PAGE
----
The issue of whether life insurance is Halal in Islam is an important one and one where there has unfortunately been no shortage of misinformation published on the topic. In this article, I will clarify the different types of life insurance and give you my opinion on both the halaness and financial wisdom of taking out life insurance.
The two main categories of life insurance are Term Life Insurance, which provides coverage for a fixed term (period of time) and Permanent Life Insurance which covers the insured’s entire life so long as they continue to make payments their whole life (which few do) and involves a cash component.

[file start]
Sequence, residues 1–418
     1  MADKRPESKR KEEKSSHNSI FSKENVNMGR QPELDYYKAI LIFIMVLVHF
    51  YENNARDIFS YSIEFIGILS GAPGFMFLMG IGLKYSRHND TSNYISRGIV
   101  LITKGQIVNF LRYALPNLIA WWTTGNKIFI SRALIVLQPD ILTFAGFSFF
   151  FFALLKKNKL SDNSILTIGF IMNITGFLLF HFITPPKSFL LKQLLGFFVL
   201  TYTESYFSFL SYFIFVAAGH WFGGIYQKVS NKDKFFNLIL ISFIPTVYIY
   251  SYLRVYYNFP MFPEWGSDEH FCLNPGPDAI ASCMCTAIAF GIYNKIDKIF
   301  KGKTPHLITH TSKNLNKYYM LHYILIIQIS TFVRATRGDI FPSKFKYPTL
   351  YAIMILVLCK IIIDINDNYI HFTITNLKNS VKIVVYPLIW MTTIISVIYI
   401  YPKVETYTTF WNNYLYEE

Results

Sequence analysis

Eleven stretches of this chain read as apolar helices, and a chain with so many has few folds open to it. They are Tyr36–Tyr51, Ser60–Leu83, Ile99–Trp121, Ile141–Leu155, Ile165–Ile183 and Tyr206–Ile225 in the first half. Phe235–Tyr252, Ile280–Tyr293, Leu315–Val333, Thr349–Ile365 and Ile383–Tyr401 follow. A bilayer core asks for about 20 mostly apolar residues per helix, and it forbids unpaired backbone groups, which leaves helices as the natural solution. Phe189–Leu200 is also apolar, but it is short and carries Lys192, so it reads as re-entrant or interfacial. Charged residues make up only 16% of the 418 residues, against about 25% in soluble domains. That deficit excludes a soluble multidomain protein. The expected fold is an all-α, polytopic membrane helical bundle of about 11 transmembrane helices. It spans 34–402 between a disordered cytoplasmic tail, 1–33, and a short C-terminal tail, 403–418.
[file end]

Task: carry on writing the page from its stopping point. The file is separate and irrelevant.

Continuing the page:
Permanent Life Insurance:
There are a number of different products that fall in the category of permanent life insurance perhaps the most well known of which is Whole Life Insurance. Appropriately named as such because for your whole life you’ll regret buying this type of insurance.
With Permanent Life Insurance part of your monthly payment goes towards building a cash component and the other part is meant to cover the insurance premium.
Because of this added cash component, Permanent Life Insurance is typically 10 times as expensive as Term Life Insurance for the same amount of coverage. (1)
My advice is to avoid all types of Permanent Life Insurance like you avoid staring at the sun during a solar eclipse, for a number of reasons:
First, The cash components that are attached to these policies accrue interest which is haram.